Dwayne ‘The Rock’ Johnson leads Forbes list of highest-paid actors

Dwayne Johnson, left, and Lauren Hashian arrive at the Oscars at the Dolby Theatre in Los Angeles. (AP/File Photo)
Updated 21 August 2019

Dwayne ‘The Rock’ Johnson leads Forbes list of highest-paid actors

  • Last year, Johnson was second behind George Clooney
  • Includes his salary and a share of profits from films, $700,000 per episode of HBO series “Ballers”

LOS ANGELES: Action movie hero Dwayne Johnson, star of the “Jumanji” and “Fast and Furious” franchises, topped the annual list of the world’s highest-paid actors, Forbes magazine reported on Wednesday.
Johnson, the former wrestler once known as The Rock, pulled in $89.4 million from June 2018 to June 2019, the magazine said.
That includes his salary and a share of profits from films, $700,000 per episode of HBO series “Ballers,” and seven figures in royalties from his line of clothing, shoes and headphones with Under Armor.
Last year, Johnson was second behind George Clooney, who reaped a windfall from the sale of his tequila company.
Next on this year’s list were two stars of “Avengers: Endgame,” the highest-grossing movie of all time.
Chris Hemsworth, who played Thor, took in $76.4 million, while Iron Man actor Robert Downey Jr. earned $66 million, Forbes said.
Other “Endgame” stars — Bradley Cooper, Chris Evans and Paul Rudd — also landed in the top 10.
Most of Cooper’s earnings, however, came from “A Star is Born,” the musical drama he directed, produced, co-wrote and starred in with Lady Gaga. Cooper collected $40 million of his $57 million total from that film, Forbes said.
The fourth-biggest earner was Bollywood actor Akshay Kumar, with $65 million, and Hong Kong-born actor and martial artist Jackie Chan with $58 million.
The figures are pre-tax and do not include deductions for fees given to agents, managers and lawyers, Forbes said.


Egypt announces ‘major discoveries’ at Saqqara archaeological site

Updated 17 January 2021

Egypt announces ‘major discoveries’ at Saqqara archaeological site

  • Egyptian archaeologist says discoveries will rewrite history of region

CAIRO: An Egyptian archaeological mission working in the Saqqara area near the pyramids of Giza in Egypt has discovered dozens of archeological finds, including a Pharaonic funerary temple.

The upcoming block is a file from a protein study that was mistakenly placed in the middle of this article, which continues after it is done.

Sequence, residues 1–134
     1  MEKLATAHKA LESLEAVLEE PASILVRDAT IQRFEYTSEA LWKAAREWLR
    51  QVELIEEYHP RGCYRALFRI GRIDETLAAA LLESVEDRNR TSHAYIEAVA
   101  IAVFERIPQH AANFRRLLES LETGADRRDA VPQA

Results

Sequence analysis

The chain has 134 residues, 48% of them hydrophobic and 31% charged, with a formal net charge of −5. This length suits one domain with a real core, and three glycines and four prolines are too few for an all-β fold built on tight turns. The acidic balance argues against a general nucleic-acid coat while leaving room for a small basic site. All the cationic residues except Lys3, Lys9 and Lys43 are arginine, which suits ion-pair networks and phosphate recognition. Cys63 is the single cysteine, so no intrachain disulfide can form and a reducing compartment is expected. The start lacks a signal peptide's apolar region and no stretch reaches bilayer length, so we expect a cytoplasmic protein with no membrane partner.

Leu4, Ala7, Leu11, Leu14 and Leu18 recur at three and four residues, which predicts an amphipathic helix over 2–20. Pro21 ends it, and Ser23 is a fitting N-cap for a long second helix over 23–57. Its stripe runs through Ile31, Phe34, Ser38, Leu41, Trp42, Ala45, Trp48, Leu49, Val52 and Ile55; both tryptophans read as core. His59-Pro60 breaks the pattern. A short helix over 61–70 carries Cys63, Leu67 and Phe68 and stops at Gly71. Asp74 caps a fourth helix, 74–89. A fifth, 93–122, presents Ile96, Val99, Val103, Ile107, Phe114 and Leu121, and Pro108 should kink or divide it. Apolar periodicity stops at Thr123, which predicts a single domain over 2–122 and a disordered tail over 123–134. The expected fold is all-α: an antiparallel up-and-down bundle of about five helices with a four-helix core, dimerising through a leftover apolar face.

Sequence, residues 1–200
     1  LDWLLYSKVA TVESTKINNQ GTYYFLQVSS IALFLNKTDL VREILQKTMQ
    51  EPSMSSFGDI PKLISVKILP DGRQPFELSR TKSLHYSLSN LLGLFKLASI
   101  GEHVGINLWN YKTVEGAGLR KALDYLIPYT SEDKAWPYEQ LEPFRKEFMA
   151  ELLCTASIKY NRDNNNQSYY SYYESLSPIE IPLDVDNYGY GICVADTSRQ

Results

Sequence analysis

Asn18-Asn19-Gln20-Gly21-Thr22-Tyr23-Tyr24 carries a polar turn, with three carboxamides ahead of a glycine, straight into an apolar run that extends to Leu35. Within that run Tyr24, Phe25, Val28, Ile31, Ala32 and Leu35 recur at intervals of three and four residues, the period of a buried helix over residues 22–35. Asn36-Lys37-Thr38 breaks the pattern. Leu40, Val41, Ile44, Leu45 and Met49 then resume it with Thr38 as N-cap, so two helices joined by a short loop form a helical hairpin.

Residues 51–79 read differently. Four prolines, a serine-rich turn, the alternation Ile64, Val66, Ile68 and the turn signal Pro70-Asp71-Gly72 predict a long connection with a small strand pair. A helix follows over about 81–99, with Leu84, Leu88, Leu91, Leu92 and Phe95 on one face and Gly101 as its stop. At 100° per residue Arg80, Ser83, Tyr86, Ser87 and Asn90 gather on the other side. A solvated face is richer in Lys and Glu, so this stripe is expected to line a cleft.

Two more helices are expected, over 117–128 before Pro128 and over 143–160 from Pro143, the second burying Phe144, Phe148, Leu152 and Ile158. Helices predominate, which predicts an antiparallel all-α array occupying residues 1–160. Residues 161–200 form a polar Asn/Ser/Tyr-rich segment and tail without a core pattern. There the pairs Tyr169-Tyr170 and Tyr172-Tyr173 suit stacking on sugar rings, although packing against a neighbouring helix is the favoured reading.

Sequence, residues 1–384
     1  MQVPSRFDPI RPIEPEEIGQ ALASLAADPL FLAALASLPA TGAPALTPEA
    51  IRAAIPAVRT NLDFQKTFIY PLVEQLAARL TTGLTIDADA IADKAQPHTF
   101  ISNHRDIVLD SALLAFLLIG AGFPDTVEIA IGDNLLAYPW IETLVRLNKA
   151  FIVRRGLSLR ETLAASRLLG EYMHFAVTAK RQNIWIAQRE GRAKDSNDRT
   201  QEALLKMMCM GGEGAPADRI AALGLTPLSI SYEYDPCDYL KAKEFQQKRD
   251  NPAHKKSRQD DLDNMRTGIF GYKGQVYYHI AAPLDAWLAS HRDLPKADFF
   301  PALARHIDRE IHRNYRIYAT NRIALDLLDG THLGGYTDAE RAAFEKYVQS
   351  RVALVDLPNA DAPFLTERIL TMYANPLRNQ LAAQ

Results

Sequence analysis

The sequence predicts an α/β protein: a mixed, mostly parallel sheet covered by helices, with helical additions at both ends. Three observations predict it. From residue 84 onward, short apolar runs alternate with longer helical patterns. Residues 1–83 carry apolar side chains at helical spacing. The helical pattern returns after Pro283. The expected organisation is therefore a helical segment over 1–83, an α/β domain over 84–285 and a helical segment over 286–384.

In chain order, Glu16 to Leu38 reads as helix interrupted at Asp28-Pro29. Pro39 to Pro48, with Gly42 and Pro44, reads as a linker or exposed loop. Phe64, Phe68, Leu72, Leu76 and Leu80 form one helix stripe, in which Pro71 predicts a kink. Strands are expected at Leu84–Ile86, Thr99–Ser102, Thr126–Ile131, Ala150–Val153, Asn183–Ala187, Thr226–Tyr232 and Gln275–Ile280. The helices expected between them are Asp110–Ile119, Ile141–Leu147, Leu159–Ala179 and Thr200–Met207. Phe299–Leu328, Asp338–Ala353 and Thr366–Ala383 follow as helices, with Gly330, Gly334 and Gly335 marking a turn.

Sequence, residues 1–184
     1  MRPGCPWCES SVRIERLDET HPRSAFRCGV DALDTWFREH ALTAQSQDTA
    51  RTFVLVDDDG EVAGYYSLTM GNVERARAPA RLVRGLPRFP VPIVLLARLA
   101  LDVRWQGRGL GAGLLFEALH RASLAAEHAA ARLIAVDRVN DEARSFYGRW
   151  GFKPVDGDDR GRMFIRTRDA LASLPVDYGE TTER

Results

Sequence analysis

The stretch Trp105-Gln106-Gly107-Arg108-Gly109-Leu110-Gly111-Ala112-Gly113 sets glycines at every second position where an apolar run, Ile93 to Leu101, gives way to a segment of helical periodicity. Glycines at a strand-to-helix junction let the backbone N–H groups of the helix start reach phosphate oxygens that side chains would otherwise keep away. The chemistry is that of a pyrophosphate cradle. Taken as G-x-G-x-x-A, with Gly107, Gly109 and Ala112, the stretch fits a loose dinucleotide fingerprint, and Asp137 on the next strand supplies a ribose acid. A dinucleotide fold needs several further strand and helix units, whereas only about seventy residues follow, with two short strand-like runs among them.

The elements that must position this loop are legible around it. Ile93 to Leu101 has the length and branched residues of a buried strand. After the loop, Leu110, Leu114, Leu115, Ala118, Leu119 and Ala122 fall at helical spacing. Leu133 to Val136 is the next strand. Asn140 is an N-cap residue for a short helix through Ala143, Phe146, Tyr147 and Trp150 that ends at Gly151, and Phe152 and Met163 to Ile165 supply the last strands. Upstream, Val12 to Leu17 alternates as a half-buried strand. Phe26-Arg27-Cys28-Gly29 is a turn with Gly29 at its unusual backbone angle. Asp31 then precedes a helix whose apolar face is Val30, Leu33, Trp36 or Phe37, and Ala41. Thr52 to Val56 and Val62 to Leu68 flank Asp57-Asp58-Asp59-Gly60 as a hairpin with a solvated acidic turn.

The Egyptian Supreme Council of Antiquities announced that the discoveries —  made by the joint mission between the council and the Zahi Hawass Center of Egyptology — include wooden wells and coffins from the New Kingdom, dating back to 3000 B.C.

Mostafa Waziri, secretary-general of the council, said that the discoveries are located at the Saqqara necropolis, near the pyramid where King Teti, the first king of the Sixth Dynasty of the Old Kingdom, who ruled Egypt between 2323 and 2291 B.C., is buried.

Zahi Hawass, Egyptian archaeologist and head of the mission, said that these discoveries will rewrite the history of the region, especially during the 18th and 19th Dynasties of the New Kingdom, during which time King Teti was worshiped.

Hawass said that the mission found the funerary temple of Queen Nearit, wife of King Teti, part of which was uncovered in the years prior to the mission, as well as three mud-brick warehouses on the southeastern side, used to store offerings and tools that were involved in a revival of the queen’s creed.

The mission also discovered 52 wells, ranging in depths between 10 to 12 meters and containing more than 50 wooden coffins from the New Kingdom era. This is the first time that coffins dating back to 3000 B.C. have been found in the Saqqara area.

The surfaces of the coffins depict various scenes involving the gods who were worshipped during this period, in addition to texts from the Book of the Dead that help the deceased pass on to the other world.

Inside the wells, the mission found numerous artifacts, such as statues of the deity Ptah, as well as a four-meter-long papyrus, representing chapter 17 from the Book of the Dead, with the name of its owner recorded on it. The same name was found on four statues.

Other finds included a set of wooden masks; games for the deceased to play in the other world, one of which is similar to chess; and statues and a shrine of Anubis, the god of death.

The mission also discovered a bronze ax, indicating that its owner was one of the leaders of the army in the New Kingdom era, and paintings inscribed with scenes of the deceased and his wife and hieroglyphic writings.

A large amount of pottery dating back to the New Kingdom was found, including pottery establishing trade relations between Egypt and Crete, as well as Syria and Palestine.

Hawass explained that this discovery confirms that the Saqqara antiquities area was not used for burial during the Late Period only, but also in the New Kingdom.

The mission studied the mummy of a woman who was found to be suffering from a disease known as Mediterranean fever or swine fever, which comes from direct contact with an animal and leads to a liver abscess.

Hawass asserted that the archeological discovery is one of the most significant ones of this year and will make Saqqara an important tourist and cultural destination. It will rewrite the history of Saqqara in the era of the New Kingdom and will confirm the importance of the worship of King Teti during the 19th Dynasty.